Prevalence of Problem Gambling
A paper in the December issue of the Archives of General Psychiatry, “Mental Health of College Students and Their Non-College-attending Peers” (Carlos Blanco, et al.) has been in the news because of the notable prevalence of substance abuse (around 25%) and personality disorders (approaching 20%) among young adults (age 19-25) in the U.S. that this epidemiological survey found. The face to face interviews of more than 5,000 youth also included other assessments, including of pathological gambling (PG). The prevalence and confidence interval for PG among college students (n-2188) was 0.35 (.14-.88), i.e., about one-third of one percent, and among Not in College (n=2904) youth was 0.23 (.10-.55), i.e., less than one-quarter of one percent.
Letter to the Editor
I am an Irish researcher who is undertaking an analysis of the addictive nature of fixed odds betting terminals which may be introduced here in Ireland.
I was wondering if you had any research already conductive on the addictiveness of such machines within the UK or indeed any country.
I would be grateful if you could contact me if you do have any such material.
Regards and thanks,
Thank you for your interest in the BASIS. In your letter, you propose that fixed odds betting terminals and other machines themselves are addictive. Our research at the Division on Addiction does not subscribe to the view that objects or machines have inherently addictive properties. Instead, we view addiction as a relationship between people and objects within a context that influences the nature of that relationship (Shaffer et al., 2004). With this understanding of addiction, we propose that public health initiatives to create parameters for safer gambling need to address the dynamic relationship between gambling machines, player characteristics, and the context of gambling behavior (Peller, LaPlante, & Shaffer, in press). In addition, we argue that scientists, policymakers, and game operators should base public health interventions for safer gambling on sound scientific research rather than speculation or public opinion.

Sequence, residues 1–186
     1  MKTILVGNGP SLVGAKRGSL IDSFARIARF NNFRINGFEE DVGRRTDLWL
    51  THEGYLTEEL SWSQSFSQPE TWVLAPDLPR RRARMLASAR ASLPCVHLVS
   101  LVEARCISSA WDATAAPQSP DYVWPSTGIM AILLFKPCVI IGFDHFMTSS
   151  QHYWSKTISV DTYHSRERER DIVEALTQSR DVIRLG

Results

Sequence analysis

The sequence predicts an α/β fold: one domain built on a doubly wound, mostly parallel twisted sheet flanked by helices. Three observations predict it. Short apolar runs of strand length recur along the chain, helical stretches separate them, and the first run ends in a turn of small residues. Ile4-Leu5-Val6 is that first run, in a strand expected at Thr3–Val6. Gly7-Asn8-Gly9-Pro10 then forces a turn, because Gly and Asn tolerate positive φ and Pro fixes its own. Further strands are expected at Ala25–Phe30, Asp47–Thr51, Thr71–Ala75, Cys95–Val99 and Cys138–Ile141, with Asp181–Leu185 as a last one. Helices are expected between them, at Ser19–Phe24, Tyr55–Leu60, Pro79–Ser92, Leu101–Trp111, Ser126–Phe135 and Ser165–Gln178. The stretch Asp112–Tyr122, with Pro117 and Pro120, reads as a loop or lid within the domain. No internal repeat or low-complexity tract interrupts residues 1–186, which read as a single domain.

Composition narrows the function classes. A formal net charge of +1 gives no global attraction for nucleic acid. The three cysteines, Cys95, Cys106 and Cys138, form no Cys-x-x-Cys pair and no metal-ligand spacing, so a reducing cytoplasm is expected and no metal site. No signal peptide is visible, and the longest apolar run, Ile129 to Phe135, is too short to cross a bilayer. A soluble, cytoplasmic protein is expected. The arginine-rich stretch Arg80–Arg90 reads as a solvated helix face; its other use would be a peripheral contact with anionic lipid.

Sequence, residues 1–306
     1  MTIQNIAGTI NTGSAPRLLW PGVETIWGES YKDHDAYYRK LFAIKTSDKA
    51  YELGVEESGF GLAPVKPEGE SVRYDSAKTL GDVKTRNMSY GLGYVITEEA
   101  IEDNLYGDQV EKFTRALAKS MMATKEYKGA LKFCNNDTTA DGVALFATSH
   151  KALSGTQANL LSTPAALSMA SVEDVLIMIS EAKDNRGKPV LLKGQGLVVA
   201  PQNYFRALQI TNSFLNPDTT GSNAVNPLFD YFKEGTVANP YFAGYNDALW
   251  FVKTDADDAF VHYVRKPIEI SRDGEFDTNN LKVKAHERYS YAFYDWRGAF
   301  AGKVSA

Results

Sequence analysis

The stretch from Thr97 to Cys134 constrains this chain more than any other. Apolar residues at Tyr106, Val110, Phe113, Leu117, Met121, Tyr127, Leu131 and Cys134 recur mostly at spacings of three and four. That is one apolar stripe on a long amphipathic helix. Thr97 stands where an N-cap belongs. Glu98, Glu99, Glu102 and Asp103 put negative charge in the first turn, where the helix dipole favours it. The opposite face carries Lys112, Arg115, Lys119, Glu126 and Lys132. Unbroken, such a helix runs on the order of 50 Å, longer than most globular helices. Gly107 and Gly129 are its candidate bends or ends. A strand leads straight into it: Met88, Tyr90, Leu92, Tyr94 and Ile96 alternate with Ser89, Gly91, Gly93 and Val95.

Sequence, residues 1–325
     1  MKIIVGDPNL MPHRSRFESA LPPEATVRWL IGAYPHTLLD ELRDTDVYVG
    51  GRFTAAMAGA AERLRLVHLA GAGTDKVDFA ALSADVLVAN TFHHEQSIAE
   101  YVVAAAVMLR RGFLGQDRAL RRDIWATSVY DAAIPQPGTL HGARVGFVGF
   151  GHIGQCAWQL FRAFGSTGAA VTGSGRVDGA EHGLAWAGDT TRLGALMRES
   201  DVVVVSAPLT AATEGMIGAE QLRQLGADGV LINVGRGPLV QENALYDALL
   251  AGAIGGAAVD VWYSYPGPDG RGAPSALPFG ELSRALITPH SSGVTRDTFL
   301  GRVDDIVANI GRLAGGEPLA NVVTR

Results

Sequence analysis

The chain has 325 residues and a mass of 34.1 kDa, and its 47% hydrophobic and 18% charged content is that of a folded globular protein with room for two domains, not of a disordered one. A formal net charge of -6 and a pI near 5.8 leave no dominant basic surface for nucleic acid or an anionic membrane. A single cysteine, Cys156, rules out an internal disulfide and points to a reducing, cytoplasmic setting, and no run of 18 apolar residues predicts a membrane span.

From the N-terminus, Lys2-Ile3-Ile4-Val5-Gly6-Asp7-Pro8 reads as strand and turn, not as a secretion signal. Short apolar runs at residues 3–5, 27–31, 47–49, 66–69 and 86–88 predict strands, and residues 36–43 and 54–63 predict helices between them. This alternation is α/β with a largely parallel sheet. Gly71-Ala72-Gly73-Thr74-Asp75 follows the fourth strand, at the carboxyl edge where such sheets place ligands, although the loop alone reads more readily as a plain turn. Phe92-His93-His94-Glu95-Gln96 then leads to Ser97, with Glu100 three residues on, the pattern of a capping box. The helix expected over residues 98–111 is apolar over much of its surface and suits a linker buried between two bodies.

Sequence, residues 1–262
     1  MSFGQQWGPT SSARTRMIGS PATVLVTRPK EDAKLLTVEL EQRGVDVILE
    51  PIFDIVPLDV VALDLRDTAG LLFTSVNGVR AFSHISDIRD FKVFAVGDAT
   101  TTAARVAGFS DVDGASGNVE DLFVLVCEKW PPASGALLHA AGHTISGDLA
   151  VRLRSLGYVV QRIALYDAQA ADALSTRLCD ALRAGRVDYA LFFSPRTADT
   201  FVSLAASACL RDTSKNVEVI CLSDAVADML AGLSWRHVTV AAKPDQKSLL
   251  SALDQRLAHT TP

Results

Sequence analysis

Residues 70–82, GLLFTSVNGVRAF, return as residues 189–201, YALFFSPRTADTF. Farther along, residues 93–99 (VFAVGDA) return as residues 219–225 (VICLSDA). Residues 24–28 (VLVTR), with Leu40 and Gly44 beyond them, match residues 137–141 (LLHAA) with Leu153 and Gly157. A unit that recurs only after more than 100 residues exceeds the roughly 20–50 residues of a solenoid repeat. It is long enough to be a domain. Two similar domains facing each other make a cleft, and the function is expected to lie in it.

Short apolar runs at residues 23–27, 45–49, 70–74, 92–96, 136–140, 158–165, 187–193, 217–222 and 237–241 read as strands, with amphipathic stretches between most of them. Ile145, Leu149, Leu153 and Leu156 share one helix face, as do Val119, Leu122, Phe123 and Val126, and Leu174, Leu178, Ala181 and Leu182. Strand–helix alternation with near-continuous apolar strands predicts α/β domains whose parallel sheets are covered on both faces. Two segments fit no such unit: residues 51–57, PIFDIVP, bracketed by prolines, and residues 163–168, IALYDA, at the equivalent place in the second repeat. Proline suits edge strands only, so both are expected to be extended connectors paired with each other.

Our longitudinal research about the Internet betting behavior of more than 40,000 subscribers provides one illustration of the effect of new electronic gambling technology on gambling behavior. Findings from this research suggest an overall pattern of moderate Internet gambling behavior among the vast majority of subscribers (e.g., 2.5 fixed odds sports bets of €4, or approximately $6 US each, every fourth day), and that the most involved bettors can limit their betting behavior. Only approximately 1% of the subscribers wagered and lost disproportionately high amounts (LaBrie, LaPlante, Nelson, Schumann, & Shaffer, 2007). This research presents evidence that Internet gambling is not universally “addictive” for even the majority of subscribers. If gambling technology was the necessary and sufficient cause of addiction, then all (at least most) of those exposed to such a gambling experience would develop problems. Since this is not the case, we must conclude that gambling machines at most contribute a very small portion to the causes of gambling disorders.
-The BASIS staff
To access Division on Addiction research please visit the library and archives on the Division on Addiction website http://www.divisiononaddictions.org/html/library.htm
LaBrie, R. A., LaPlante, D. A., Nelson, S. E., Schumann, A., & Shaffer, H. J. (2007). Assessing the Playing Field: A Prospective Longitudinal Study of Internet Sports Gambling Behavior. Journal of Gambling Studies, 23(3), 347-363.
Peller, A. J., LaPlante, D. A., & Shaffer, H. J. (in press). Parameters for Safer Gambling Behavior: Examining the Empirical Research. Journal of Gambling Studies.
Shaffer, H. J., LaPlante, D. A., LaBrie, R. A., Kidman, R. C., Donato, A., & Stanton, M. V. (2004). Toward a syndrome model of addiction: Multiple expressions, common etiology. Harvard Review of Psychiatry, 12, 367-374.